Mima’s Sour Cherry Pie
“Your ever lovin’ Mima.”
That’s how she signed her cards to me.
That was her answer when ever she was asked about her well being.
(It is carved on her tombstone.)
“Look on the side of the Tapioca Box.”
Her recipe for sour cherry pie.
No secret. No shame.
She who defined the art of cooking for our family
used the recipe on that plain old box for her signature culinary creation.
Recalling the early days of pie making in her Uniontown kitchen.
The sour cherry trees grew out back. Early summer sunshine and swinging the old metal bucket.
Her three girls had the job of picking and pitting.
“Then Mother would clear a space on the formica table and with one motion sweep newspaper
clippings and magazines, phone books and other assorted kitchen clutter aside, toss some flour out and start rolling the dough. The cherries came in all at once so she must have made dozens of pies at a time.”
When my brothers and I were young our favorite trip was to visit Mima.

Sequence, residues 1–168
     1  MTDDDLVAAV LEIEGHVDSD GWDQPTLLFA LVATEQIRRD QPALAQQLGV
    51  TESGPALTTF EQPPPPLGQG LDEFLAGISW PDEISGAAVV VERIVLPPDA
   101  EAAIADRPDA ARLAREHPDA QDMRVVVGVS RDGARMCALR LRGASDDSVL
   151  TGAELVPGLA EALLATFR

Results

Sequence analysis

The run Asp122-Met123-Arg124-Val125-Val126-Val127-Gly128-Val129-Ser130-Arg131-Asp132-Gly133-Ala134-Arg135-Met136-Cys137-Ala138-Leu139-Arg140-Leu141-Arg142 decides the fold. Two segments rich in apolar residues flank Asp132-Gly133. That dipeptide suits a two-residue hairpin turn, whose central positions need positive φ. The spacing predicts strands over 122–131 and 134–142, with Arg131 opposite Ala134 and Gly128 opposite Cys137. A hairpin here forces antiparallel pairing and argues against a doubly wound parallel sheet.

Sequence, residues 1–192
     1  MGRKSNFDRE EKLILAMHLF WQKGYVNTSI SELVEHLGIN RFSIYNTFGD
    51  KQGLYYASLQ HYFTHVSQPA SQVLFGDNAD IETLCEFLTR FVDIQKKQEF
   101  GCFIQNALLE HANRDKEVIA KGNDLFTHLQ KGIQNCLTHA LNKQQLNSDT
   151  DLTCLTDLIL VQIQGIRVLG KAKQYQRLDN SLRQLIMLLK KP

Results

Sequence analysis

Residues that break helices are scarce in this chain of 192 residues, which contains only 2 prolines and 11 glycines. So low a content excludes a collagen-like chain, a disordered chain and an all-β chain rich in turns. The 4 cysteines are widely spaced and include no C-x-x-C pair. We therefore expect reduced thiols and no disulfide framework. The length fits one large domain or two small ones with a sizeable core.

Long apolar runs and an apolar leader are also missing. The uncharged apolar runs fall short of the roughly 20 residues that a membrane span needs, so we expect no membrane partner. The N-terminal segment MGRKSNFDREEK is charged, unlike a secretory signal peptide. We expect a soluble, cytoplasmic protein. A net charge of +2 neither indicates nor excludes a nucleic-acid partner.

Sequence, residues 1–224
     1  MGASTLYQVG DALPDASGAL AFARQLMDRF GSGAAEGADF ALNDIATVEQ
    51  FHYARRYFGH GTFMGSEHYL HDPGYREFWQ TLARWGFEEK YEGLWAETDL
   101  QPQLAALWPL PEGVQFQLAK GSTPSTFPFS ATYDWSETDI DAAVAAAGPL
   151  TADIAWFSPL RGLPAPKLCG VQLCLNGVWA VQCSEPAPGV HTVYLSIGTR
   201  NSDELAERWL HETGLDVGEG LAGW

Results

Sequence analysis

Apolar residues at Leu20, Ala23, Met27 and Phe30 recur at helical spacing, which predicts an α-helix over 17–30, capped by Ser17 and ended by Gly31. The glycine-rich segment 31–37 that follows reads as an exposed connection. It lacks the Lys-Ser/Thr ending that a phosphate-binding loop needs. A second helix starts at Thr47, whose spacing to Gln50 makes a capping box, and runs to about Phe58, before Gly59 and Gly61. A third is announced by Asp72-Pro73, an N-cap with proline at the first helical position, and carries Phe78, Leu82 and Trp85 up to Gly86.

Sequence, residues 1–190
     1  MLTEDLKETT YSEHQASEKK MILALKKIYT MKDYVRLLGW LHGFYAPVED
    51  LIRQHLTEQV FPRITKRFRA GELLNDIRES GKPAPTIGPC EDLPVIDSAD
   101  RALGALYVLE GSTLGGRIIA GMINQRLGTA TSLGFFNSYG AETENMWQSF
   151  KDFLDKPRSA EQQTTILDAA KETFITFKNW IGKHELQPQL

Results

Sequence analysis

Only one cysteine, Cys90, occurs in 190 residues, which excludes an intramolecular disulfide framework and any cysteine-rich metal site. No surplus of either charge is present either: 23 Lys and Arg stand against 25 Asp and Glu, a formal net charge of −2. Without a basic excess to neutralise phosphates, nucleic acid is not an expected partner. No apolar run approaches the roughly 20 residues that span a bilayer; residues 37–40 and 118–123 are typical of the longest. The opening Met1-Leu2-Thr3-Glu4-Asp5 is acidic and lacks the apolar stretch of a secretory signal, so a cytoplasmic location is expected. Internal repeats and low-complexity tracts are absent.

From one end of the Pennsylvania turnpike to the other. Knowing we were close when Mom reached into her purse for her lipstick, mirror and comb at the Donegal exit.
Pulling into the driveway and bounding up the broken cement walkway to the back door.
Greeted by a sweet smile and big old aproned hug and a line of pies set to cool by the porch window.
A bottle of pop and a slice of pie. Breakfast at Mima’s.
Mima was my constant.
Home base for my endlessly uprooted childhood.
Rock solid love and laughter.
And even though I knew the answer,
when, as a grown up I, needed the touchstone of her voice and a dose of good old Irish wit,
I would pick up the phone and ask my Mima for her sour cherry pie recipe.